“Our company fails the real world test in all kinds of ways.”
In the late 90s, a web designer called Jason Fried started a company with two friends in Chicago. The company’s name was 37Signals and like many others at the time, the trio redesigned people’s websites. But unlike their peers, the way they went about getting clients was distinctly odd. If you visited their website back then, you’d be at least mildly baffled by its plain, barren look and you’d search in vain for a portfolio of previous projects or client testimonials or anything in the way of bragging rights. In their place you’d find impassioned manifestos and articles in which the three designers spoke about everything they thought was wrong with business and how it should be done instead. Their views were bizarre and contrarian and people browsing noticed them, some stopped and listened, many became clients.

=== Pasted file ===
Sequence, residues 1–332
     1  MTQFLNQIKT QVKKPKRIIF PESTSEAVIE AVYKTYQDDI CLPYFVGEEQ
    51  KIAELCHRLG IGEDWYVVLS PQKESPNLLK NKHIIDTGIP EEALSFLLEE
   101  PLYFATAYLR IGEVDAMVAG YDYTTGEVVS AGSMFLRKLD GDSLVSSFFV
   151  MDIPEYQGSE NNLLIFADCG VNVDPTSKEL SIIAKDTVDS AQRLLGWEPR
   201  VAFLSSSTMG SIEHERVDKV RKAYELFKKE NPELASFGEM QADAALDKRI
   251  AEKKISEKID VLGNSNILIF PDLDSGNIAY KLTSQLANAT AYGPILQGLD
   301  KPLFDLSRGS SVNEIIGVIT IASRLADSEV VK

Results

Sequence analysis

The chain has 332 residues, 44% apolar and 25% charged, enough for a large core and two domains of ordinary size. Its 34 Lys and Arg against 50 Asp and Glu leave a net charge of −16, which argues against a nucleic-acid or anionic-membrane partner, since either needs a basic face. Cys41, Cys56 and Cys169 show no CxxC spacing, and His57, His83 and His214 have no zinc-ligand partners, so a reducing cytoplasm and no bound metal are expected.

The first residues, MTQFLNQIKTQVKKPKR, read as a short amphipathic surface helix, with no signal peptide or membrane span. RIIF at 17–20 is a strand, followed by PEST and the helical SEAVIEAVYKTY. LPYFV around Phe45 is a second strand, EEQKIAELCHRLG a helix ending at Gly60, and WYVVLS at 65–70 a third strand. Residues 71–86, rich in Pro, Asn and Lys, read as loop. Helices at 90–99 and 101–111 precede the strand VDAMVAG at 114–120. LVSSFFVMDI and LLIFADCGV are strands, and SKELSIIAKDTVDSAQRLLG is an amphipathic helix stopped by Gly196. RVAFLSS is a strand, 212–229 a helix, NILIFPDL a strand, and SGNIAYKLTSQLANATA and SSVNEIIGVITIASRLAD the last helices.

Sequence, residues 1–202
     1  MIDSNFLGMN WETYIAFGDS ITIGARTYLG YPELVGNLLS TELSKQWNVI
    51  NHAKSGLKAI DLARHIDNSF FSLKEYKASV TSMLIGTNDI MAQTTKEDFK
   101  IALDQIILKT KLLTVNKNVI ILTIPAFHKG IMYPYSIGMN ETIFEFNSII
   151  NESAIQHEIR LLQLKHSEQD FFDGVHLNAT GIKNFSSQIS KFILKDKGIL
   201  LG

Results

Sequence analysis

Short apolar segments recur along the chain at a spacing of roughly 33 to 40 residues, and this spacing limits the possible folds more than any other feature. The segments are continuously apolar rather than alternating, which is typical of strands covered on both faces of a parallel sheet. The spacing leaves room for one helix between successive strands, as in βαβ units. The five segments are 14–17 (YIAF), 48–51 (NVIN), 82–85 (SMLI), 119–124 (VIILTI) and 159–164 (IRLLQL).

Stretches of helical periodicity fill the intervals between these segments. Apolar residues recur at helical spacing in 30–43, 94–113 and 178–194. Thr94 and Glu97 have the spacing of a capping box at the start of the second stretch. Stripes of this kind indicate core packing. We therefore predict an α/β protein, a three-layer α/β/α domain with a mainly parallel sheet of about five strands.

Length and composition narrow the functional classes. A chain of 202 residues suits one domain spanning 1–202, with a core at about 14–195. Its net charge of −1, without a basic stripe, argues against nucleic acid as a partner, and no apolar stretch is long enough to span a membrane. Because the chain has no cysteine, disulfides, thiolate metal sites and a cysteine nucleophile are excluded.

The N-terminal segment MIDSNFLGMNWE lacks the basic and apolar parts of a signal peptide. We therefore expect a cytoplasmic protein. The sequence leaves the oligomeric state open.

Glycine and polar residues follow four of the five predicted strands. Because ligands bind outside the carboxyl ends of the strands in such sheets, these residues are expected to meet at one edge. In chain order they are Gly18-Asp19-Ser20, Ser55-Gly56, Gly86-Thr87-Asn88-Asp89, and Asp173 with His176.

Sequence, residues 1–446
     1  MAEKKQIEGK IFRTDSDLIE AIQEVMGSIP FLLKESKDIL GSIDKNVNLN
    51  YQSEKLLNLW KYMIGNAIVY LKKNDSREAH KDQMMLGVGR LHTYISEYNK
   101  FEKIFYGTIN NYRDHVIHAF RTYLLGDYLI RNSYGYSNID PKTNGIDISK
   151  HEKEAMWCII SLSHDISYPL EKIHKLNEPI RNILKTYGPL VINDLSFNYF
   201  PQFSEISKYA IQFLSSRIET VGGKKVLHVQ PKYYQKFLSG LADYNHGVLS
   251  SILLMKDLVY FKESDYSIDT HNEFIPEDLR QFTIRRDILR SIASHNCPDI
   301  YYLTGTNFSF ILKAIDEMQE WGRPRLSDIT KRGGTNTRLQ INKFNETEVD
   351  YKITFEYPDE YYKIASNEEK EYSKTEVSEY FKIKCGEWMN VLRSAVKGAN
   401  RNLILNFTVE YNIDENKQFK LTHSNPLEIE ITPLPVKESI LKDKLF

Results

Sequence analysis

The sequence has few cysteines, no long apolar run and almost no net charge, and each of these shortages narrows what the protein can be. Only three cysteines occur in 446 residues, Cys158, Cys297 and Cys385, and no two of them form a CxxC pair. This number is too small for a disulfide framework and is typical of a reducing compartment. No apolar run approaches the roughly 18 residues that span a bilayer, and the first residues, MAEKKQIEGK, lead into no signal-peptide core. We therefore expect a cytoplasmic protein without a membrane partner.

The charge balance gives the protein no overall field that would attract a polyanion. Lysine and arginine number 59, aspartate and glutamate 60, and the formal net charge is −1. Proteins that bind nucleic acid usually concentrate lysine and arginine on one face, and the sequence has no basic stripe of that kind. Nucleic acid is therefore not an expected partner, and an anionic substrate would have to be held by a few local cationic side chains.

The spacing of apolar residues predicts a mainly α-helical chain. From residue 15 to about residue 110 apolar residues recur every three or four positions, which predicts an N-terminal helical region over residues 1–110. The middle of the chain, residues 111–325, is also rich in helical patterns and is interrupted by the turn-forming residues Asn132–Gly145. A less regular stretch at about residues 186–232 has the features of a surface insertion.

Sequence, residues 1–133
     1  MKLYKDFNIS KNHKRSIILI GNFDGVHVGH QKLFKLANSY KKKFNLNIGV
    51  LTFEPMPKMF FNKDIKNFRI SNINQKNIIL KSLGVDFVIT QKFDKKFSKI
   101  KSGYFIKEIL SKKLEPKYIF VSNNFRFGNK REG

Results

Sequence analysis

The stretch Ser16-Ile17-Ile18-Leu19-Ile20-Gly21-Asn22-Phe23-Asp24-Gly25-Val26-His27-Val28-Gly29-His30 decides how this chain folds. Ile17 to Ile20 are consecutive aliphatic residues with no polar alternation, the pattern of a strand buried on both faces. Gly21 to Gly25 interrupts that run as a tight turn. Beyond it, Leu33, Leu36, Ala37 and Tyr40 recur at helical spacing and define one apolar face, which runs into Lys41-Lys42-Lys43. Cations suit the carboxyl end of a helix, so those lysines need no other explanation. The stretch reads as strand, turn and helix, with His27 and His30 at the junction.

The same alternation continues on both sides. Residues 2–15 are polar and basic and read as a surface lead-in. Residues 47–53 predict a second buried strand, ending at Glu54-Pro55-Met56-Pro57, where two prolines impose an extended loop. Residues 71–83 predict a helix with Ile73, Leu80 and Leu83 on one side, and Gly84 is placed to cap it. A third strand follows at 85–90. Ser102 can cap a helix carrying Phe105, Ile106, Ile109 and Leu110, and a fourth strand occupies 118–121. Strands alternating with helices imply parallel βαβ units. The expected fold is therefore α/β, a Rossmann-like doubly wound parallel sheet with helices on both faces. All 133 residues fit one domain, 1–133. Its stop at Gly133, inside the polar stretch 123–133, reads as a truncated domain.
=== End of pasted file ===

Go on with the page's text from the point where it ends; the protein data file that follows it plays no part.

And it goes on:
By 2003 the designers at 37Signals could barely keep up with all the client work. Things began to slip through the cracks and they decided to look for a dedicated project management tool. But back then most such tools were clunky and complex, wasting more time than they saved, and so the year after, in 2004, Jason hired a Danish programmer called David Heinemeier Hanson to develop their own application in house. When clients saw the finished product, many of them liked it so much they asked to license it.
This is the origin story of Basecamp, one of the most popular web applications for project management and team collaboration. It’s been used by 16 million people worldwide and still continues to bring in several thousand new signups every week, more than a decade after it first launched. The company, which changed its name to Basecamp in 2014, has been valued at $100 billion dollars and has annual profits in the millions of dollars. David, the original…